When the Cold War ended, rather than reducing troops in Germany, Japan, Korea, Italy, the Philippines, and so many other nations; ending the NATO alliance which was designed to combat the now non-existent Soviet Union; and shrinking the weapons and war budget, the U.S. decided to seek to become the sole superpower on Earth.  U.S. military spending is now as much as the whole world combined.  The U.S. Navy exceeds in firepower the next 13 navies combined.  When all the budgets are accounted for – the Pentagon, the wars, the 16 intelligence agencies, the super-sized embassies – total Empire spending is more than $1 trillion annually.   

And the Empire has deep roots. General Smedley Butler, the most decorated Marine in history, joined the Marines in 1898 and served 34 years in China, Nicaragua, Haiti, Cuba, Mexico, and other nations as part of the early American Empire. When Butler retired and thought about his career, he described himself as a “racketeer” for U.S. business interests around the world, and said “war is a racket.” 

But, this massive Empire is not discussed.  It is the elephant in the living room of American foreign policy.  And, the entrenched military-industrial complex that President Eisenhower warned us about in 1961 is now so powerful that cutting the military budget is off the table in Washington, DC – despite cost overruns of hundreds of billions in weapons contracts, the GAO consistently describing the Pentagon as un-auditable and budgets filled with waste, fraud, and abuse.  The war budget grows and grows despite a fragile if not collapsing economy at home. 

After a long day of discussion it became evident that people from across the political spectrum, despite differences on other issues, could in fact work together to challenge American militarism.  Some in the room who had been working on these issues for forty years thought such a coalition was decades past due.  Some of the students in attendance had their eyes opened to the history of traditional conservative antiwar efforts — in their lifetimes it had not been heard from.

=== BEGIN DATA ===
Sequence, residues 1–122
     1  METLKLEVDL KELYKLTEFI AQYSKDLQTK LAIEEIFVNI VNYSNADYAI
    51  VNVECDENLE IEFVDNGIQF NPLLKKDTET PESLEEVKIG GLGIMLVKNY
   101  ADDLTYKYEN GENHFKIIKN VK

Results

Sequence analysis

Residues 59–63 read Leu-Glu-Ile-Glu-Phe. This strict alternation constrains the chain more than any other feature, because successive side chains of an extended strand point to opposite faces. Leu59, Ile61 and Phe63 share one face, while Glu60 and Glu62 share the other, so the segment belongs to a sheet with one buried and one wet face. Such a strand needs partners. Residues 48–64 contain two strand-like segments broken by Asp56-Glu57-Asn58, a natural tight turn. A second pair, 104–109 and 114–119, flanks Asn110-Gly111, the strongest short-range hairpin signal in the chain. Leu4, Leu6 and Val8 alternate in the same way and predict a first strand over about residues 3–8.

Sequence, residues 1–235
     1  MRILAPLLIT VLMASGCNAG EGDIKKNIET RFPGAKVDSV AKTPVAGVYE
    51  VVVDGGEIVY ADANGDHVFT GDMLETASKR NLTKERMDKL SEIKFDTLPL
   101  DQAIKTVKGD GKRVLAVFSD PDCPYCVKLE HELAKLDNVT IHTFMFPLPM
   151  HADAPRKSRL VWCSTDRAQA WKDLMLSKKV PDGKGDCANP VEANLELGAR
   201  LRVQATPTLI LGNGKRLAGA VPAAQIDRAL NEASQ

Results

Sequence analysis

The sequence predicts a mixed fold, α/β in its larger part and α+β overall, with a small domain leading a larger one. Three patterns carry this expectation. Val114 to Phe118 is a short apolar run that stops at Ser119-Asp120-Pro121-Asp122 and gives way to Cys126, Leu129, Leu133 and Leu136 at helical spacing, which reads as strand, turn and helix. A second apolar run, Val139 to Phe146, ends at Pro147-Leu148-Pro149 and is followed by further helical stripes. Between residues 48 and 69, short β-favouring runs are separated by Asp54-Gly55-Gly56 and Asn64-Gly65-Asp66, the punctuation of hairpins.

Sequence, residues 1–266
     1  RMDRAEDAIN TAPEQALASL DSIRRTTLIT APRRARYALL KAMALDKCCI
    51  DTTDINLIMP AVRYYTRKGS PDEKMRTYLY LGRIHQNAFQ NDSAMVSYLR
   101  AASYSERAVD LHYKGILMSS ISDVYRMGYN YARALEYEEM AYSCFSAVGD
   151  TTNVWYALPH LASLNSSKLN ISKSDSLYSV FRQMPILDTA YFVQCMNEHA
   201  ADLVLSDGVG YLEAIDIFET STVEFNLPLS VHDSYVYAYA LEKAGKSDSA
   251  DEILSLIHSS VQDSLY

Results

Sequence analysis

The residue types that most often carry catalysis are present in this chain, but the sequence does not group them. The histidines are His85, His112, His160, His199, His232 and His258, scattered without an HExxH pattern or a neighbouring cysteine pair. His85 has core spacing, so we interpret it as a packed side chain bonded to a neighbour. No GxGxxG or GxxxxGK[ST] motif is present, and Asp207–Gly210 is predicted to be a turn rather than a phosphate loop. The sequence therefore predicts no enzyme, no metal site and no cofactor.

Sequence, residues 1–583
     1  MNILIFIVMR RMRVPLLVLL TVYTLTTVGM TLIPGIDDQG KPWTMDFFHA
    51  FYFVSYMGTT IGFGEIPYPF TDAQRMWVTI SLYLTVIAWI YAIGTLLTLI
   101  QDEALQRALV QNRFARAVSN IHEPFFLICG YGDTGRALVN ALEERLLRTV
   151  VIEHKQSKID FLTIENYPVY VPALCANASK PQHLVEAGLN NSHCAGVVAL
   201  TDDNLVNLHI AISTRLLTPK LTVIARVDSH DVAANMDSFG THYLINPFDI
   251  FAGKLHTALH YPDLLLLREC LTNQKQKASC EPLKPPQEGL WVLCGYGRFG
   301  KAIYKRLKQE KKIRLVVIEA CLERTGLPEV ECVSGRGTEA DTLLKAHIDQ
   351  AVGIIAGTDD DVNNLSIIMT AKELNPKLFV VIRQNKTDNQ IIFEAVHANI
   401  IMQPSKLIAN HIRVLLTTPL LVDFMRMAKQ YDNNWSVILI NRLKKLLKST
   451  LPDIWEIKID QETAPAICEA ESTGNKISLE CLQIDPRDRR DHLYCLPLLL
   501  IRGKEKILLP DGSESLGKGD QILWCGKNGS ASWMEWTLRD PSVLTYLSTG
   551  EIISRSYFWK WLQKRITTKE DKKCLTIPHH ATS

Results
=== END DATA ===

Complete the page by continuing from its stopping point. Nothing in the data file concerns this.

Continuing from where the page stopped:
In discussing this publicly, so far I have only heard from one person on “the left” who opposes it.  He was a co-founder of Progressives for Obama and he lumps everyone on the conservative side into what he calls “racist populism.”  Such broad-stroke descriptions of people are prima facie evidence of prejudice and certainly not consistent with people I have met from across the spectrum. But his opposition shows the challenge on “the left” – too many are unwilling to stop their support for the Democrats and Obama. 

The challenge on the right is also difficult.  The neocons have taken over almost all significant conservative organizations.  How can we attract traditional conservatives to antiwar advocacy?  The day after the conference, the surprise land slide victory of the antiwar conservative, Ron Paul, at the CPAC convention gave hope that there were more right-wing peaceniks than we may have imagined.  

While our task is urgent – something which the 1000th death of a U.S. soldier in Afghanistan and the weekend’s killing of two dozen more civilians in an aerial attack brings home – our job is immense.  Undoing a century-old empire that is larger than any that ever existed is no easy task, but for citizen patriots it is an essential one for the survival of the nation and the benefit of the world. 

To join our efforts sign the Voters Pledge at www.VotersForPeace.US and get involved.

Read more by Kevin B. Zeese